Thoughts On Theses: Luke Lavin
Issue   |   Wed, 11/28/2012 - 02:11

Major: Anthropology, Physics
Thesis Advisor: Nusrat S. Chowdhury

Q: Can you tell me a little bit about your thesis?

A: I’m writing a thesis about pro- and anti-nuclear activism for/against Vermont Yankee Nuclear Power Plant, which is in Vermont near its border with New Hampshire and Massachusetts. The thesis is not about whether it is a good idea or a bad idea to close this very contentious plant (about which there is plenty of debate and writing out there), but rather trying to write an interpretive anthropological thesis about why is it that people on both sides of the debate believe what they do, how those beliefs are carried out in their activism, and maybe a bit on what this means in terms of society and policy.

Q: So you’re finding that it’s pretty interdisciplinary?

A: Yes. I mean, it’s an anthropology thesis but I’m also a physics major and there are certainly seriously scientific components of nuclear power. There are also definitely psychological components; lots of environmental issues that you might say are more like environmental science or studies. And there’s also the anthropological component of doing the interviews and the often more interpretative lens associated with that discipline. I’ve found that part of the reason that nuclear power is so complicated (and climate change is another example of something that I think is like this) is because it is so interdisciplinary, and that makes it very hard to just consider through one lens.

Q: How did you come upon the idea for your topic?

A: Last spring, I was thinking about doing an anthropology thesis, but I spent the past three years also being a physics major and I thought “What can I do that combines my interests?” I often get asked, “How could you be an anthropology-physics double major? Like, how did those two things combine?” And so I started looking around at different projects and different things going on. In particular, I was taking this class, Inquiries into the Catastrophic with Chris Dole, one of the Mellon Seminars. We were studying risk and in particular, reading this book by Adriana Petryna called “Life Exposed” about citizenship and rights after the Chernobyl disaster in what’s now Ukraine. Through taking the class, I came to see that nuclear issues really are not only scientific, but are overlaid with all these important cultural variables that play into how people respond to these issues and also ultimately contribute a lot to the policies. There are very serious long-term implications beyond just the science that the industry tends to not think about, or at least not make policies to the effect that they’ve thought about it. I thought the nuclear issue would be cool and interesting, and I found that there is all this protest going on in this particular plant up in Vermont, and that’s how I decided this would be a good topic to pursue.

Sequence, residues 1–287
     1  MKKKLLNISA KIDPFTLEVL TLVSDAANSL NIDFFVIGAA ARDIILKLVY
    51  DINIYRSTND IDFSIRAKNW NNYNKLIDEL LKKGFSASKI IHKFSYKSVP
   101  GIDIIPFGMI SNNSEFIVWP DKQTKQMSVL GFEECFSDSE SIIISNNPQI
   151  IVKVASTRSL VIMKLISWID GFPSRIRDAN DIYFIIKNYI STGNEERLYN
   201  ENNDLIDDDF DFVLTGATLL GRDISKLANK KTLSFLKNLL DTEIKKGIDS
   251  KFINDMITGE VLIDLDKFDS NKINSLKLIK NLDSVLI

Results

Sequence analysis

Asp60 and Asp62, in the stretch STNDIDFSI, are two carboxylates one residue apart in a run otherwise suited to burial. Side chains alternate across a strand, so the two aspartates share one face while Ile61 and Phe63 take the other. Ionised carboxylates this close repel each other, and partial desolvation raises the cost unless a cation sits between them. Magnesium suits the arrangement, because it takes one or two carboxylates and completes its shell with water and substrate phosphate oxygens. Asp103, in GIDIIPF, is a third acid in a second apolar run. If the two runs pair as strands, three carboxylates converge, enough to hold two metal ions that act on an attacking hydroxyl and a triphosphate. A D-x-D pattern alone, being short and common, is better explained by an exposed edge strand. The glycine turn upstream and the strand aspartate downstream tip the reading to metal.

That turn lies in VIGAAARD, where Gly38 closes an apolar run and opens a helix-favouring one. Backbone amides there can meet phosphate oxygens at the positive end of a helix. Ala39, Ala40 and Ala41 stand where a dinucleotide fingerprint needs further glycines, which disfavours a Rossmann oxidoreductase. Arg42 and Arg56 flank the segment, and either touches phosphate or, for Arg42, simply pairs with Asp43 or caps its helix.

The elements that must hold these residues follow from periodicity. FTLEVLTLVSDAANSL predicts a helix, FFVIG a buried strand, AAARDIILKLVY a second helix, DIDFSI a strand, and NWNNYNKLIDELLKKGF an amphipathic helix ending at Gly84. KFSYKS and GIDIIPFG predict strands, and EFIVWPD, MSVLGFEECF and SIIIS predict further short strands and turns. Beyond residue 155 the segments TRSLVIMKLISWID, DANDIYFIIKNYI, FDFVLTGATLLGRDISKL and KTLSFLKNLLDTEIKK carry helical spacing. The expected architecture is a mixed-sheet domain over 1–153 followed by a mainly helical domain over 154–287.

Q: And how are you finding the process of thesis-writing?

A: I really love my thesis when I’m working on it. I love interviewing people, I love going to the public service board hearings, and I like the reading I get to do about nuclear power because I just find it a fascinating issue. The thing that most concerns me is: When do I start doing the writing, and how hard or difficult is it going to be to write something so long and in-depth? And the other thing I think I get really concerned about is when I’m not working on the thesis, it feels like I should be. Nuclear power is of course a contentious topic, and I want to write a thesis that I think is both honest and interpretative, but it’s hard. It’s not an easy issue. You don’t want to be seen too much as taking a side, you want people to read it and take your work seriously, so I try to think a lot about how that can be done. My goal is to try be as factually accurate as possible and also to take an interpretative tact that is both novel and useful and says something that people on both sides of the debate will read and say “Hey, that’s interesting.”
People always say you should choose a project that’s “really great and interesting to you.” And it sounds hackneyed, but of course it’s true. I would just add that it’s really great in the social science disciplines to be able to get to choose your topic, and I would encourage people to take advantage of that opportunity. It’s not like you just have to work on what the professor specifically researches. If you have something that you’re really interested in, think about it and look around for issues that better jive with your interests.